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Wisdom Teeth Removal

Your third molars, commonly known as your wisdom teeth, are typically the last teeth to erupt in your mouth. They usually erupt into your mouth between the ages of 15-22.  If healthy and functional, your wisdom teeth can be useful. However, for many people, there are several reasons why you may need to consider removing your wisdom teeth.

Many people do not have adequate space in their jaws for the wisdom teeth to fully erupt.  In these cases, the wisdom teeth get stuck below the bone or gumline, and are considered to be impacted.  When impacted, your wisdom teeth can cause swelling, pain and even infection of the surrounding gums. They can also put pressure on the adjacent teeth, which can result in permanent damage to these otherwise healthy teeth and their surrounding bone. Sometimes, impacted or partially impacted wisdom teeth can also lead to the formation of cysts, and in worse case scenarios even tumors, which could potentially affect an entire section of your jaw.

In some cases, fully erupted wisdom tooth may need to be removed because due to their location, they are very hard to clean and can become severely decayed.

How do I know if I need my wisdom teeth removed?
As part of our normal exams, we will evaluate your wisdom teeth.  For teenagers, we will take a panoramic X-ray to evaluate how many wisdom teeth you have, and where they are located.  We can often tell from this X-ray if the wisdom teeth will have sufficient space to erupt, or whether they are inclined to become impacted.  For patients whose wisdom teeth have fully erupted, we will monitor them to make sure that they are cavity-free and have healthy gums around them.  In the case where proper hygiene cannot be achieve around wisdom teeth, we will recommend having the teeth removed to prevent further problems in the future.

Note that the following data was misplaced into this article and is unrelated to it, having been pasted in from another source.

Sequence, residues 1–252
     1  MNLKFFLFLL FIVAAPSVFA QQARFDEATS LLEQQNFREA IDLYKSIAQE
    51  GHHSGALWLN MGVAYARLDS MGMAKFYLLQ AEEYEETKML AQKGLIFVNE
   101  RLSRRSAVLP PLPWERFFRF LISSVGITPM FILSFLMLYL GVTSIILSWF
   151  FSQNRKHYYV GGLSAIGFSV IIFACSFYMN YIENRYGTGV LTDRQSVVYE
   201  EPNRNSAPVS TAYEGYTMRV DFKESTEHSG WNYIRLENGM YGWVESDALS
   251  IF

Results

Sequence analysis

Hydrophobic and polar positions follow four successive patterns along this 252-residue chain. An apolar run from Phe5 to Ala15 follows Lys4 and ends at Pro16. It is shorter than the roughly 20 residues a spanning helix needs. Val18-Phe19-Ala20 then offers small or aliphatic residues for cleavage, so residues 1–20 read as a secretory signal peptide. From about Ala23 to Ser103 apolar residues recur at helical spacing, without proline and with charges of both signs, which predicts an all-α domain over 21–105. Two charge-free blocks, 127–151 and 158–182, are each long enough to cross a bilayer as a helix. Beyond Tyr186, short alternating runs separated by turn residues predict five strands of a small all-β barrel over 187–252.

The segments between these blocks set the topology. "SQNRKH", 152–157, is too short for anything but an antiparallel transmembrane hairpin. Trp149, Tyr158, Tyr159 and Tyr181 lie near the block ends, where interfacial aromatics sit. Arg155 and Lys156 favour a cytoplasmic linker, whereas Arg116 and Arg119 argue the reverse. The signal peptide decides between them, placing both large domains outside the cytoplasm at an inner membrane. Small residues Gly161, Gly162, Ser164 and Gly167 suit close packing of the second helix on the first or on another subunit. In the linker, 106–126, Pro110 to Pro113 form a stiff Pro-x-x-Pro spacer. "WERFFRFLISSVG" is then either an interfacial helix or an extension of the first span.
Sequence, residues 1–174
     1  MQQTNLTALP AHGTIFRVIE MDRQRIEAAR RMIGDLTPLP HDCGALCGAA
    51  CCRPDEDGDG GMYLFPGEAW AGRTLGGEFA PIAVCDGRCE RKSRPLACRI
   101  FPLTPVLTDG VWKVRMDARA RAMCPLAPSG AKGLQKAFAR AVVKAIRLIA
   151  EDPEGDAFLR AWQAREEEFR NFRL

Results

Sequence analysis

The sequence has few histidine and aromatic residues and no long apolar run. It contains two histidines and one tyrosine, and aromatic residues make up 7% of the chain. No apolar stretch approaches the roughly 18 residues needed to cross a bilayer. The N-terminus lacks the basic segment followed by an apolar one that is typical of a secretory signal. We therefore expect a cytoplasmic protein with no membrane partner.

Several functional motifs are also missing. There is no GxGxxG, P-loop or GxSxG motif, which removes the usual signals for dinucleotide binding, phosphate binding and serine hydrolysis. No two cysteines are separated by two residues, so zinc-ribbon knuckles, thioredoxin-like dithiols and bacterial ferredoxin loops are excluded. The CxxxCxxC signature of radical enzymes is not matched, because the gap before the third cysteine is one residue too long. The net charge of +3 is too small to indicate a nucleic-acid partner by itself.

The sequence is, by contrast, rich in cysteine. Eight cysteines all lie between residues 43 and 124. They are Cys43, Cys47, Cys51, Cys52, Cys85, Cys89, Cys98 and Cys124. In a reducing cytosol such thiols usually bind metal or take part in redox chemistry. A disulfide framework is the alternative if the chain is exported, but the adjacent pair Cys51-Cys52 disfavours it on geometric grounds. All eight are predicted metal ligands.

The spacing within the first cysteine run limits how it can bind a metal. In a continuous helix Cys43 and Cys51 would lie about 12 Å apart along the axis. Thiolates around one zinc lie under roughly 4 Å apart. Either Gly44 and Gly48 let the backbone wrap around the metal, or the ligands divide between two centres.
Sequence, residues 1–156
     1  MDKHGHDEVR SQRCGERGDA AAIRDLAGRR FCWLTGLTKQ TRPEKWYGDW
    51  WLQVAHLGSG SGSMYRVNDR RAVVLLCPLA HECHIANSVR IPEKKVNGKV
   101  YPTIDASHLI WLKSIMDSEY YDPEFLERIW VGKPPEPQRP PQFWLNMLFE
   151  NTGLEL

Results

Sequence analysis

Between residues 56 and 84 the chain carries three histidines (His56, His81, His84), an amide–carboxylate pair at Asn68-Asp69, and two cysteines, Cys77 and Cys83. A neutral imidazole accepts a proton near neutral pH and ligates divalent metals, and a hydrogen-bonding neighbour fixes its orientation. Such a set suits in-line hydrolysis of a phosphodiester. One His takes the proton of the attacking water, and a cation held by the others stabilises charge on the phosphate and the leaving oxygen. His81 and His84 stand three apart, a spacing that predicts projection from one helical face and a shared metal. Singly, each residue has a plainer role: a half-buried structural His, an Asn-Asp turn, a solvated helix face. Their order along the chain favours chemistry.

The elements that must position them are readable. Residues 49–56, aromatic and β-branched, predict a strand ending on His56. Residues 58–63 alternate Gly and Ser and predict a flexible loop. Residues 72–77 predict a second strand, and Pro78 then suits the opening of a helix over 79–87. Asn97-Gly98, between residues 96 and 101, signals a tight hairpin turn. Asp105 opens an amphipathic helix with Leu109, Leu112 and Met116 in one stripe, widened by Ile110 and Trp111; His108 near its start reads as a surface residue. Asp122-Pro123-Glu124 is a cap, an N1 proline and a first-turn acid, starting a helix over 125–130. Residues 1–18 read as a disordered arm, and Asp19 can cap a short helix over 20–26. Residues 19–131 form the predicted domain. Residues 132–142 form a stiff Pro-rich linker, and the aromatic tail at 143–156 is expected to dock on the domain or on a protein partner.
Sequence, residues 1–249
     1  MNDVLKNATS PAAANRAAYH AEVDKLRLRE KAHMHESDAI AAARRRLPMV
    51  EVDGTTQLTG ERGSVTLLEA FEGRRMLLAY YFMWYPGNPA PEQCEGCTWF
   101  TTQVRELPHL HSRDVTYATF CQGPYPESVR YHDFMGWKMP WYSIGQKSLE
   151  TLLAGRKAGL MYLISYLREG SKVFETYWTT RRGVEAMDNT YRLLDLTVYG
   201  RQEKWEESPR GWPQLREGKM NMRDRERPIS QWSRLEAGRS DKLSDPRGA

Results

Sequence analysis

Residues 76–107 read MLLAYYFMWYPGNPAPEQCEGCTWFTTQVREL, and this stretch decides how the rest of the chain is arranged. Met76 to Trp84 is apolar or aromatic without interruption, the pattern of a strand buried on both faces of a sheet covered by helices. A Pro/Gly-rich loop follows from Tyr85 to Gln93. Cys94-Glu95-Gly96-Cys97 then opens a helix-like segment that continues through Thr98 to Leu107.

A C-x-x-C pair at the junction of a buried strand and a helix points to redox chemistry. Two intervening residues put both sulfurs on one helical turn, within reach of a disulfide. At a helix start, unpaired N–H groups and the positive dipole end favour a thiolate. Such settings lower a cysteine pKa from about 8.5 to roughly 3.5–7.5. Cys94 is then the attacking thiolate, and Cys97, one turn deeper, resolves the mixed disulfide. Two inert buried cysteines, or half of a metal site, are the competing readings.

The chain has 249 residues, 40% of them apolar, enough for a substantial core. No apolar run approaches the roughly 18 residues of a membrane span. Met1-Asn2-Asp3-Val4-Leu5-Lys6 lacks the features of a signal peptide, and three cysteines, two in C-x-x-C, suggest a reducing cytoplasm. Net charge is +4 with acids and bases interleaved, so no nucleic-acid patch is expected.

When should I remove my wisdom teeth?
 There is no single right answer for everyone; however, if your dentist has advised you that your wisdom teeth look potentially problematic then it’s generally best to remove them sooner rather than later.

This advice is based on the fact that the younger you are, the faster you heal.  The most ideal time to remove a wisdom tooth is between the ages of 15-22, when the root of the tooth is not fully developed.  Wisdom teeth can sometimes grow in sideways, or have a big curve in the root, which can make the surgery more difficult.  In addition, there are usually less complications, such as lingering numbness or jaw fracture, when wisdom teeth are removed at a younger age.

 

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